Department of Natural Resources
The DNR Wildlife Disease Laboratory is responsible for monitoring the health and well-being of the wildlife in the State of Michigan. This laboratory is known worldwide and provides detailed information on diseases in the state affecting its wildlife. The lab is housed at the Diagnostic Center for Population and Animal Health (DCPAH), located south of the Michigan State University Campus.
Recognized as leaders in wildlife disease, the MDNR Wildlife Disease Lab had started at MSU (then Michigan State College) in 1934. By 1957, wildlife disease problems outgrew the original facility, and the MDNR Lab moved to a facility at the Rose Lake Wildlife Research Center. In August 2004, the MDNR Lab has come full circle and is back at MSU.
The MDNR has a long history of involvement with health concerns of wildlife, and the relationship between wildlife and livestock disease. The "Fourth Biennial Report of 1927-1928" states:
"As the value of our wild life resources increases, and as the deliberate management of those resources is intensified, we shall no doubt parallel the previous experience with domestic birds and mammals, and shall have to contend with an unending series of diseases and parasites.
Successful development of the livestock industry has been in large measure dependent upon the ability to recognize and control the many pests, parasites and diseases which attack domestic and range animals. It is now becoming evident that the diseases of domestic stock are often related to those of wild animals.
Foot-and-mouth disease starting in hogs fed on infected garbage, in California, recently spread to cattle, spread from the cattle to range sheep, and from the sheep to the wild deer.
Under these circumstances it is highly desirable that Michigan should develop at home, first class facilities for research in connection with the pests, parasites and diseases of game and other wild life forms. It should not be necessary for us to depend upon Washington, or upon laboratories in other states, for the service of this sort."
As recent outbreaks of "mad cow" disease, bovine tuberculosis, West Nile virus, and avian flu continue to make animal and food safety issues a critical national concern, the need for top-level animal testing facilities becomes imperative. Now, the State of Michigan has a new premier veterinary diagnostic laboratory that will provide rapid and accurate diagnostic testing on a variety of animal tissues.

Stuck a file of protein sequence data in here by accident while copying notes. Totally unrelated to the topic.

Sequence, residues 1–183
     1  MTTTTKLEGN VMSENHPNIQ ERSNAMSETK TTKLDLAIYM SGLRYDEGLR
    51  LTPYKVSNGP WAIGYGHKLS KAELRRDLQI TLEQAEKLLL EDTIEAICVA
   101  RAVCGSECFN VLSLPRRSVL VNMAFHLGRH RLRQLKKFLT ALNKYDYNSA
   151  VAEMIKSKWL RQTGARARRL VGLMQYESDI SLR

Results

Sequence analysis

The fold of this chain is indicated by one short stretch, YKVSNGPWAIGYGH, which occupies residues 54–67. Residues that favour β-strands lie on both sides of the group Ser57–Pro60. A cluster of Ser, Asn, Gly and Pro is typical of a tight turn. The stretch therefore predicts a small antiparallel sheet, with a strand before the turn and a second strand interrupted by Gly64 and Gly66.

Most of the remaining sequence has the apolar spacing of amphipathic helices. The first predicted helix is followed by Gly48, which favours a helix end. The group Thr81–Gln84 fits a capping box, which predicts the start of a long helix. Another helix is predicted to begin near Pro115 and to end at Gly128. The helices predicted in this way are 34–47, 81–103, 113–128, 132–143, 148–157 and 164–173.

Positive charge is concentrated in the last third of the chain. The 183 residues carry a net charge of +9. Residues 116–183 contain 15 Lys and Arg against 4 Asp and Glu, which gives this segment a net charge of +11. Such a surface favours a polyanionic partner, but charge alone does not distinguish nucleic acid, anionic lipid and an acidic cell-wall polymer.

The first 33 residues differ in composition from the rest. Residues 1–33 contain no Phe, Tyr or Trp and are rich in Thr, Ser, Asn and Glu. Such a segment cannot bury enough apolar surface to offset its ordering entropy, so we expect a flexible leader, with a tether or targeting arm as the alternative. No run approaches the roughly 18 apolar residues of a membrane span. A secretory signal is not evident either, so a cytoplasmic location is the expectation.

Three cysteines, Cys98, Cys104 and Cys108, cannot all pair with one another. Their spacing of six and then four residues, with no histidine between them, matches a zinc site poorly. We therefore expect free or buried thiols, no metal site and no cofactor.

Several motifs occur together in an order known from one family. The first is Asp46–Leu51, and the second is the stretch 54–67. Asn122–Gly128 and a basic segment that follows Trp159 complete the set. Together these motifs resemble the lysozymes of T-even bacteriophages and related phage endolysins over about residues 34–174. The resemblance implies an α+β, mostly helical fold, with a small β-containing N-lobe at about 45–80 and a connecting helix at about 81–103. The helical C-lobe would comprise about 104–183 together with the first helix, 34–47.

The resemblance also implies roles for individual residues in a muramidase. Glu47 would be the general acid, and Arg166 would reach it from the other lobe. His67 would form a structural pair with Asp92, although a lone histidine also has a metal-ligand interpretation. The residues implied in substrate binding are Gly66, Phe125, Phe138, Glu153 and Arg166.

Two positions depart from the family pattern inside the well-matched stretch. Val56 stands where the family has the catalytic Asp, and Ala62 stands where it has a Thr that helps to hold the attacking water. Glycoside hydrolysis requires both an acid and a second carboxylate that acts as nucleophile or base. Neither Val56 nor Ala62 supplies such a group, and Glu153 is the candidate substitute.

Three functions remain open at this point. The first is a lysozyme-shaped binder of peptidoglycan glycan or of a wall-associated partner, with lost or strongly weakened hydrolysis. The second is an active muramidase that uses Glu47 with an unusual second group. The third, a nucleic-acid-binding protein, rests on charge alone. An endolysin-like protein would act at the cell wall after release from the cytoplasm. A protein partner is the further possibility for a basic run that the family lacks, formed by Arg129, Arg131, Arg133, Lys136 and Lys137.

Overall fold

Dr. Kelly Straka, Veterinarian in Charge of the MDNR's Wildlife Disease Lab sees the benefits of co-locating the agencies in one facility at MSU, "The new facility houses those dealing with animal disease, domestic or wild, under one roof. The lines between the groups are crossing, as a number of diseases are shared. When we work shoulder to shoulder, we have the opportunity to discuss research and collaborate, which helps foster new ideas. The new facility provides more space, a safe, modern environment, and the ability to handle the large volume (20,000-30,000) of deer heads. "
The state-of-the-art testing laboratory provides services in areas such as necropsy and surgical pathology, bacteriology/mycology, virology/serology, toxicology, nutrition, immunodiagnostics, parasitology, and endocrinology. The layout of laboratory space follows a systematic pattern for processing and testing animal tissue. The laboratory system institutes new biotechnological examination procedures, supports applied research projects, and facilitates automation and computerization. The five necropsy areas, comprising nearly 1/3 of the total building gross footage, are provided with sophisticated filtration and sterilization systems. The center also includes four livestock containment barns.
New information generated from the MDNR Lab and DCPAH is used for adaptations and improvements in programs for reducing and eliminating a variety of diseases in animals and wildlife. The facility will also continue to develop new and improved testing capabilities while expanding its capacity to meet growing demands.
The center houses a current staff of 115, including veterinary professionals and technicians, as well as 10 MDNR personnel and 1 representative from MDA. In addition, a setting is provided for the training of undergraduate and graduate veterinary students at MSU.
DNR Wildlife Disease Laboratory
4125 Beaumont Rd., Room 250
Lansing, MI 48910-8106